A drug dealer from Lacy Lakeview whose federal drug sentence was commuted by former President Barack Obama is headed back to prison on new state and federal charges.

Ricky Lamont Garrett, 38, was sentenced to 25 years in prison Thursday after pleading guilty to evading arrest in a vehicle. As part of the plea agreement, Judge Matt Johnson of Waco's 54th State District Court stacked that sentence onto a 21-month federal prison term Garrett is serving for possession with intent to distribute ecstasy.

Garrett was arrested on both of those charges in January 2018, about two years after his release from federal prison when Obama commuted his sentence as part of a plan to correct what the former president called systematic injustice in federal sentencing guidelines that he thought were too harsh.

The commutation cut Garrett's 224-month federal prison sentence for possession with intent to distribute more than 50 grams of crack cocaine by about 16 years.

Garrett was indicted as a habitual criminal in his most-recent cases because of his 2007 federal drug conviction and a 2000 deadly conduct conviction in which he threatened someone with a gun. He also has a 1999 felony conviction for possession of a controlled substance and a 2005 misdemeanor conviction for escape from custody, court records show.

McLennan County Assistant District Attorney Danielle London said she was frustrated after learning Garrett was back in McLennan County committing crimes after Obama cut his federal prison term short. Jurors likely would have given Garrett two life prison terms on the habitual charges once they learned of his commutation, London said.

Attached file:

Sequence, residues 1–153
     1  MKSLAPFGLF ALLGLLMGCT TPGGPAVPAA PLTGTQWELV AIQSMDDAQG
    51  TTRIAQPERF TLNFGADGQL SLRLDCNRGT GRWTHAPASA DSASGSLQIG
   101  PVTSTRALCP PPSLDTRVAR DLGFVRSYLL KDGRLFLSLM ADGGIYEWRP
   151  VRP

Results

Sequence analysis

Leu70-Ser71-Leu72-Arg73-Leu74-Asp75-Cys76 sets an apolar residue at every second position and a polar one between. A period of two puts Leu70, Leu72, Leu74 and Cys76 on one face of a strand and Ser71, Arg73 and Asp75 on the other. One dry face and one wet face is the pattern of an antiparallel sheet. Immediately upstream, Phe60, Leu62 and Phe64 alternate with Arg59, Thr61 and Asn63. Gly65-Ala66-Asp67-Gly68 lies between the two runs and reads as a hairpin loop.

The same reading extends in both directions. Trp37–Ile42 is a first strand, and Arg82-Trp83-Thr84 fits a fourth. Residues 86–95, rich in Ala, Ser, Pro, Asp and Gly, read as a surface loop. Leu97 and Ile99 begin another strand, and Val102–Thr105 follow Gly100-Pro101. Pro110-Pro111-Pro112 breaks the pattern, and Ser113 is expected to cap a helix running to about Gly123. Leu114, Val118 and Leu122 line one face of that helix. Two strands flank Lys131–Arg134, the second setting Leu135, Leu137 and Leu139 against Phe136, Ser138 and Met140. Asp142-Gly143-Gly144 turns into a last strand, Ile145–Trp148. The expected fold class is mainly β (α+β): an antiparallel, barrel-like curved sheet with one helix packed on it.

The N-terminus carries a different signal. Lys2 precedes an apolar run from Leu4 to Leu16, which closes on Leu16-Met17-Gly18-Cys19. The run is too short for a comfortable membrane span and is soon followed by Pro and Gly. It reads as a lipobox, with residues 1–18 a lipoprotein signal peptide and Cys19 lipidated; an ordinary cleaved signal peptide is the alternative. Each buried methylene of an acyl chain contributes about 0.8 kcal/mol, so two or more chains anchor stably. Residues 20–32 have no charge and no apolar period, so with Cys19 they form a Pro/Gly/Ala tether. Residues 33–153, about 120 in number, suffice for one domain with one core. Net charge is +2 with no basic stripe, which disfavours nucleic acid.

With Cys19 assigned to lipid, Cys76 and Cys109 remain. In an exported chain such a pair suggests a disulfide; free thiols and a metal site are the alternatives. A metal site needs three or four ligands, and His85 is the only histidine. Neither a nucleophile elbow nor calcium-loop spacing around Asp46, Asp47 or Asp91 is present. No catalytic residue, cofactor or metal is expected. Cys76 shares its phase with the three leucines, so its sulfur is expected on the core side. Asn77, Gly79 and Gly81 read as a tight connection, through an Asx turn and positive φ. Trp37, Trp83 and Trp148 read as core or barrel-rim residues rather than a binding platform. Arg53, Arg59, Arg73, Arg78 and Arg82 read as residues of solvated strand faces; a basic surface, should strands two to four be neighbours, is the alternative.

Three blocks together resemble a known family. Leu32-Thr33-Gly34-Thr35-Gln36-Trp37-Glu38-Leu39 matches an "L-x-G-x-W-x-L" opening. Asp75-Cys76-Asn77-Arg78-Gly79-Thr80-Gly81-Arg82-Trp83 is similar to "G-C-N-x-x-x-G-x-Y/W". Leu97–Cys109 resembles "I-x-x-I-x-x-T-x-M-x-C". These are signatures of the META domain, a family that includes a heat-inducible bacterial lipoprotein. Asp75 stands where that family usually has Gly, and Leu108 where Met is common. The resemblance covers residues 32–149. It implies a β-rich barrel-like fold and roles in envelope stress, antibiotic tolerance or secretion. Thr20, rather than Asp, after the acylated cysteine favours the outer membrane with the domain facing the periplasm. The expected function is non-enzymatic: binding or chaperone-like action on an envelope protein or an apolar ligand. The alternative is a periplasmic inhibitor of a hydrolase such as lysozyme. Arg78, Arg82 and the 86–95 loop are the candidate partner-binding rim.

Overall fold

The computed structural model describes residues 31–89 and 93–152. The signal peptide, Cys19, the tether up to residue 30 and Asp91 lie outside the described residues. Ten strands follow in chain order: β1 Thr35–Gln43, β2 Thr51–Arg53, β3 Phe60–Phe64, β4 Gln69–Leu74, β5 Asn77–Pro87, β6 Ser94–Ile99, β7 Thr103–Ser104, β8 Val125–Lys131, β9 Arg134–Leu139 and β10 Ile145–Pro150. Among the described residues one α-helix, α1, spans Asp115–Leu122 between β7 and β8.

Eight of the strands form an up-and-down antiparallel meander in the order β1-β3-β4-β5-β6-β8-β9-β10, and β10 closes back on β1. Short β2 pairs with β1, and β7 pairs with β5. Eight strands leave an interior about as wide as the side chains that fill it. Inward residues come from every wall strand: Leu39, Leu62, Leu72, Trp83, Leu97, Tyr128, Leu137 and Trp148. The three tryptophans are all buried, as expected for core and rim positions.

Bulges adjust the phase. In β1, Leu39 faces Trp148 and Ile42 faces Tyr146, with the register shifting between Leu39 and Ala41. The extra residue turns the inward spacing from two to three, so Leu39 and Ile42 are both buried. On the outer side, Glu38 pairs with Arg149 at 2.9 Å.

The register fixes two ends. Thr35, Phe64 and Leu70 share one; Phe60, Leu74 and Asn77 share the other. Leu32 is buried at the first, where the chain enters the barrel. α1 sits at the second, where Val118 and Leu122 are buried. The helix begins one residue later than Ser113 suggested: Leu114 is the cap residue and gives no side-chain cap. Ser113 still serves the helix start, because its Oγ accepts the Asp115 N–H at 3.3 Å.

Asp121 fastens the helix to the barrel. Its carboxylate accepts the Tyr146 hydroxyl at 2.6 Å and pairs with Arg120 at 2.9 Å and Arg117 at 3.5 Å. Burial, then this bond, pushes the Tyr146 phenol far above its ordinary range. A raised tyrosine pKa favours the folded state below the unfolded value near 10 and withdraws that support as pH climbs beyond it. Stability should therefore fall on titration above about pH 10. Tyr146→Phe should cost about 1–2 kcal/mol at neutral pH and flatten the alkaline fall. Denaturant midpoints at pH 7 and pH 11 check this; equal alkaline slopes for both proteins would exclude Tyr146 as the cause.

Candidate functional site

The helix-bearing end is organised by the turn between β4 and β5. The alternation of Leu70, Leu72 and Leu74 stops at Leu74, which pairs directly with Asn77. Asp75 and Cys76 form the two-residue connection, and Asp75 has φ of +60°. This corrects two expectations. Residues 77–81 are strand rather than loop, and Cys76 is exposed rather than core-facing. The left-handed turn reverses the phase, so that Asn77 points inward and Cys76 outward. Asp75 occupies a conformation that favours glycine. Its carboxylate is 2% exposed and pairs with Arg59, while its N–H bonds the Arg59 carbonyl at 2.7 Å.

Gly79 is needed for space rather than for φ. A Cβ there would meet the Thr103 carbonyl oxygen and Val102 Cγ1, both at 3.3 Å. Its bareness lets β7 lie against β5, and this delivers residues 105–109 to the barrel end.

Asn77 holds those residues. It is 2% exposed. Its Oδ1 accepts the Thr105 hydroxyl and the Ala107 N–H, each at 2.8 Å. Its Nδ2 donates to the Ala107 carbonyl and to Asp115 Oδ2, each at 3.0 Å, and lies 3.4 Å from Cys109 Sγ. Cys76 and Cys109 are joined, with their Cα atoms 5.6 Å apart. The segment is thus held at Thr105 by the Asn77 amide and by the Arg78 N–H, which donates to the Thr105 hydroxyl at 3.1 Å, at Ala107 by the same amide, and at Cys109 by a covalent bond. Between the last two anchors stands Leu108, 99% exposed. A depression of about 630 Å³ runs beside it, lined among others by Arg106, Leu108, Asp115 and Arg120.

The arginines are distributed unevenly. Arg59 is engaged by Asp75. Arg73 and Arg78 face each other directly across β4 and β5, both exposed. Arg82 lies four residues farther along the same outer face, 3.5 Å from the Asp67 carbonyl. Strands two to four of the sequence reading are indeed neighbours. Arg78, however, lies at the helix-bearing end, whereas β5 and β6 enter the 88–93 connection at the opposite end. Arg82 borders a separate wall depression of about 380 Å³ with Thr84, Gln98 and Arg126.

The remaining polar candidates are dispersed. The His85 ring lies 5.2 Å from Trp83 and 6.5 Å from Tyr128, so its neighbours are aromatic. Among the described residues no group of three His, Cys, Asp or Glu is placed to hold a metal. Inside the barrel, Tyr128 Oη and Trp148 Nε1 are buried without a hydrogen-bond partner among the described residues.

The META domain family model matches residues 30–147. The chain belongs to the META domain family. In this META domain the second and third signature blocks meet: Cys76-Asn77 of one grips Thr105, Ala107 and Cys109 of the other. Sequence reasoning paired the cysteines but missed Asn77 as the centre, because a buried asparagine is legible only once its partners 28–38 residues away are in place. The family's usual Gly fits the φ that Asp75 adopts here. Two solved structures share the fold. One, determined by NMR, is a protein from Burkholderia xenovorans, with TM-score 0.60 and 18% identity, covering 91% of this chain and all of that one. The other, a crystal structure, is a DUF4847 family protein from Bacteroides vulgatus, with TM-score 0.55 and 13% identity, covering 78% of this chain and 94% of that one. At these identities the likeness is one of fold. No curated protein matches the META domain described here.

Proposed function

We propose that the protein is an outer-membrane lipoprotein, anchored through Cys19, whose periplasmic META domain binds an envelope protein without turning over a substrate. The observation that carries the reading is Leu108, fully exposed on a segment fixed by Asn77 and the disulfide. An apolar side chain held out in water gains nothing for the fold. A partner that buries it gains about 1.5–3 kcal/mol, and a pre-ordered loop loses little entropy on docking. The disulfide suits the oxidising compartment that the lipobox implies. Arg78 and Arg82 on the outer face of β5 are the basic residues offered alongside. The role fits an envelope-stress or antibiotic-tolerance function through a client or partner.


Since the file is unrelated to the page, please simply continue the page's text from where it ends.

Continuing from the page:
"I think a McLennan County jury would be very angry that somebody who should have still been in federal prison was free and committing dangerous felonies in our community," London said. "There are legitimate concerns about some of the federal sentences imposed in some of the drug cases, but the program was purported to be for nonviolent drug offenders.

"This individual was a violent felon before this happened and should not have been eligible for such a program," she said.

Garrett's attorney, Susan Kelly, said Garrett knows he "blew it" by not taking advantage of Obama's actions, but added he pleaded guilty and accepted responsibility for what he did.

"He is habitual, so the minimum was 25 years on the evading, even though evading by itself is not a real serious crime," Kelly said. "But it was 25 to life because he had prior felonies. Ricky knows he messed up and that he will be in for a while. He also knows that he might get maybe one more shot and that there are just almost no more chances. He was given the opportunity to be outside of prison and to live a good life and he messed up."

Garrett, who London said has guns tattooed on his back and other tattoos that possibly tie him to gang activity, pleaded guilty in Waco's federal court in 2007 after he was caught with about 200 grams of crack cocaine. He was sentenced to 224 months in prison, or more than 18 years.

Obama commuted his sentence in 2016, and he was one of 1,715 federal inmates whose sentences Obama cut short, more than any other U.S. president. In his last major act as president in early January 2017, Obama commuted the sentences of 330 federal inmates convicted of drug crimes, the most issued by any president in a single day, The Associated Press reported.

Garrett also was sentenced to 18 months in federal prison after his supervised release was revoked, a term that will run concurrently with his new federal drug sentence, officials said. Garrett must serve his federal time before he starts serving his 25-year state time.

Garrett went back to jail in January 2018 after McLennan County sheriff's deputies pursued him in a high-speed chase down Waco Drive during which he ran multiple red lights, according to court records. Garrett finally pulled over and handed his license to deputies, but took off again.

Deputies did not continue the chase, deeming it too dangerous. But they had his license and address,  and when they caught up to him at his residence, they found three bags of ecstasy in his car, records indicate.

Staff writer at the Waco Tribune-Herald covering courts and criminal justice. Follow me on Twitter @TSpoonFeed.

Recommended for you